This is a satire of the type of responses you sometimes hear from clients when working at an agency, and is a collaboration of some awesome people on Reddit, who request to remain anonymous. The views expressed in this post absolutely do not reflect a particular agency or client.
Hi, we’re about to launch your campaign. We just have a quick question for you. What time is it on your office wall clock?
Client 1: I’ll just get back to you on that one. I need to run this past some people.
*Three days later*
Client 1: We can tell you the hours and seconds but the minute guy is on annual leave till Wednesday.
Client 2: Why do you want to know what time it is on our office wall clock? Can you write-up a proposal explaining exactly why you need this?
Client 3: The TIM-EE? Is that how it’s pronounced. We pay you to tell us what time it is on our office wall clock. We’re not here for technical information like that.
Client 4: Yes, I’m the in-house time reader. It’s Tuesday O’Clock in 1964.
Client 5: I’m sorry but knowing the time on our wall clock is a trade secret upon which the success of our business depends on. We can’t share that information.
Client 6: You asked us what the time was last year. Can’t you just use the information we provided then?
Client 7: You’ll have to ask our time keeping agency for us. They manage that for us.
Time Keeping Agency: Yeah, answering that question would need us to develop a backend time reporting system with API and I don’t think our client has the budget for that. We can do it as an ad hoc job this one time but it will cost $15,000 for us to do it.
Client 8: We’ll ask our time keeping agency for you. Let us get back to you.
Time Keeping Agency: They’re trying to con you. Nobody needs to know that anymore. In their request for the Time, they forgot to capitalize the letter T because everyone knows that it’s “the Time”. This is a serious sign of incompetence so I’d recommend switching your services to us.
Client 8: Hi, can you explain to us why you forgot to capitalize the letter T in your last email to us?
Client 9: *cups hand over receiver* “Hey, Mike – someone here’s asking where the cinema is”
Client 10: We actually have two clocks, but they’re both showing different times. Which one would you like?
Client 11: Which wall?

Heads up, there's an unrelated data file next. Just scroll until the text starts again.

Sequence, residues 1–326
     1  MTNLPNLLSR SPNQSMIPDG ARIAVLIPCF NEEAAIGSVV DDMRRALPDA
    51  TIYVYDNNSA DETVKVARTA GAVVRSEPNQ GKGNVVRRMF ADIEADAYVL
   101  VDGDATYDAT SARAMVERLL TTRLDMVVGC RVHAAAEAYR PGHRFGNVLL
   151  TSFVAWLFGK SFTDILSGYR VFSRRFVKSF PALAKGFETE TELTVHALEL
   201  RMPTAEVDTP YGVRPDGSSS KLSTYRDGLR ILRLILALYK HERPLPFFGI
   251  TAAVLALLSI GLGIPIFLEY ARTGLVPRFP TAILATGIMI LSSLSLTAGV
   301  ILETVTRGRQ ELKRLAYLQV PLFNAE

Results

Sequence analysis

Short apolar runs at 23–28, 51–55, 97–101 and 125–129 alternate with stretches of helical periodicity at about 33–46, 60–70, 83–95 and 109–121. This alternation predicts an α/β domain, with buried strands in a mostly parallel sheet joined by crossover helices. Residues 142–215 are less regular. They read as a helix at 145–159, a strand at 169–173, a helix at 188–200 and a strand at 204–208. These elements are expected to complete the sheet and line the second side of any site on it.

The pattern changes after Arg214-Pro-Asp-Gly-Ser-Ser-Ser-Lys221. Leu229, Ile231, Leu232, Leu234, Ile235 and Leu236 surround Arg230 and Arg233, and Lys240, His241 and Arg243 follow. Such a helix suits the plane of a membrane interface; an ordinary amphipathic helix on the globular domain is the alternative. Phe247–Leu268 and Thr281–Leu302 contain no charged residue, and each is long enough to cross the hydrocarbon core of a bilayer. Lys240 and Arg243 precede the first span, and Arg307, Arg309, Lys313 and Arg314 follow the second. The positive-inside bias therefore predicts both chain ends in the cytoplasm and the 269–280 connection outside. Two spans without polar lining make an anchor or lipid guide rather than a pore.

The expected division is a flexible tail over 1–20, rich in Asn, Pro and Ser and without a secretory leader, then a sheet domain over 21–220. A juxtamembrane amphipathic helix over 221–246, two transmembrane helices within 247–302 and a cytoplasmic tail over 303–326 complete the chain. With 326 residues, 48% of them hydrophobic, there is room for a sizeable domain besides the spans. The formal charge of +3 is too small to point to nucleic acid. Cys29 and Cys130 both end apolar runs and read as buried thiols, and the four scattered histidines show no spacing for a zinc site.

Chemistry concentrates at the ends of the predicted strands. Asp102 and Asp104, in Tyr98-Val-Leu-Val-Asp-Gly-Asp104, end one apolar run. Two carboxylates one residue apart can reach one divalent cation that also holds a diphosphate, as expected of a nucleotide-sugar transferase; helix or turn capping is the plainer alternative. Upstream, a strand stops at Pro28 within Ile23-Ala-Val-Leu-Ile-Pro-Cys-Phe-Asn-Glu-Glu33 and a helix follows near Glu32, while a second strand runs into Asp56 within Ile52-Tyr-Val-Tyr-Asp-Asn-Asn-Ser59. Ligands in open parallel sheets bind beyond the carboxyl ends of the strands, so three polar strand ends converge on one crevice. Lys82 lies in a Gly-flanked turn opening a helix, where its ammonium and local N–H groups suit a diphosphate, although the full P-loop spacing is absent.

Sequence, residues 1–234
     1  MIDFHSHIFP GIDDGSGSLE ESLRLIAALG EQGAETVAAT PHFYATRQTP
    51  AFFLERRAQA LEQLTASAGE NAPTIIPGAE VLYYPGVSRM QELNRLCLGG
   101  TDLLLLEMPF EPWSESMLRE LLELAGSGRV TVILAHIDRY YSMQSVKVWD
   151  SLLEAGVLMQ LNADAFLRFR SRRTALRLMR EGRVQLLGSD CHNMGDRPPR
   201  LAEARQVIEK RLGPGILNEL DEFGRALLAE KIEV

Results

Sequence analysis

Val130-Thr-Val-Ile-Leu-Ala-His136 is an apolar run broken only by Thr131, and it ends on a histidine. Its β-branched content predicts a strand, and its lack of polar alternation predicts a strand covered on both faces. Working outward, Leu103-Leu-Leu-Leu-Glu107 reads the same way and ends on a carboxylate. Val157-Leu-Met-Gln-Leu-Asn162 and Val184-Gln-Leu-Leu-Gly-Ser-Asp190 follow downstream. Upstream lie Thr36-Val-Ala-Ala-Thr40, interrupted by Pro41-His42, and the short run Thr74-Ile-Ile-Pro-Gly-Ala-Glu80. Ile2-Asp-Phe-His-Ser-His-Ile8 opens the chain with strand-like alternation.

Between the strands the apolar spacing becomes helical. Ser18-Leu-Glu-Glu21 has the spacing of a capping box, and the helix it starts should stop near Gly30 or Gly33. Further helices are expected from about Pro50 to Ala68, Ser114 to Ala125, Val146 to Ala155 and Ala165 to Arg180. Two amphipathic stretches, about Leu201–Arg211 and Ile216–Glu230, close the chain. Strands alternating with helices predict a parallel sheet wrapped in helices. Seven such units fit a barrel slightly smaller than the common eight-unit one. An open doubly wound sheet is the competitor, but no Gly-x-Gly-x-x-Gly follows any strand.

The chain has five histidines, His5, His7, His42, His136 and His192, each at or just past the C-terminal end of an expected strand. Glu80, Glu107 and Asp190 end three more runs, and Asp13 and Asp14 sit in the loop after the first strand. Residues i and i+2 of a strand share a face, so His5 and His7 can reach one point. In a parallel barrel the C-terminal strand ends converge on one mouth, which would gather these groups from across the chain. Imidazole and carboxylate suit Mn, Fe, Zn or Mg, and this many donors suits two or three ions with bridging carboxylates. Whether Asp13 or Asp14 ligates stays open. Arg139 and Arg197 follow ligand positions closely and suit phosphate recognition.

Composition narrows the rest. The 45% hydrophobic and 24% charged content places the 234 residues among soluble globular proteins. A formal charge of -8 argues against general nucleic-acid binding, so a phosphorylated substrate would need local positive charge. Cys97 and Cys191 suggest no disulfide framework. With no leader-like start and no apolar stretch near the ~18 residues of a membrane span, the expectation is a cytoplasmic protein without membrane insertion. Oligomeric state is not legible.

Client 12: Yeah I don’t think you need that information so I’m not going to tell you.
Client 13: Sure – do you want it in digital or analogue?
Client 14: I shouldn’t be having to come to you with the time on our clock. That’s for you to bring to us.
Client 15: We got our new intern to do this instead.
Top 3 Ways To Read Your Office Wall Clock By Client 15’s Intern
- You should read the time on your office wall clock.
An important thing about reading the time on your office wall clock is to read the time on your office wall clock. This can be accomplished through reading the time on your wall clock.
Your eyes need to be open.
Reading your office wall clock can only be accomplished with at least one eye open.
Clocks tell the time.
Clocks tell the time but only if you read the time on your office wall clock.
Hope you enjoyed this guide. Next we’ll be doing a recipe for pancakes! Please share this on Facebook!
Client 16: It’s not a good time right now. Probably.
Client 17: Yes.
Client 18: Hmm. That’s not important to us right now.
Client 19: The time on our office wall clock is an award-winning time. Client 45 are thought leaders in delivering accuracy in time on our office wall clocks. Our commitment to excellence in time on our office wall clocks is unrivalled. Buy time reading on office clocks from Client 45 today!
And here is a link to a case study which will make you doubt we understand what “case study” means because it’s basically 5 paragraphs saying WE ARE AMAZING and a testimonial from someone who is friends with a director.
Client 20: I’m afraid our clock reader is on maternity leave. No one else in the office can tell the time.
Client 21: If it was up to me I’d tell you straight away. Unfortunately it isn’t.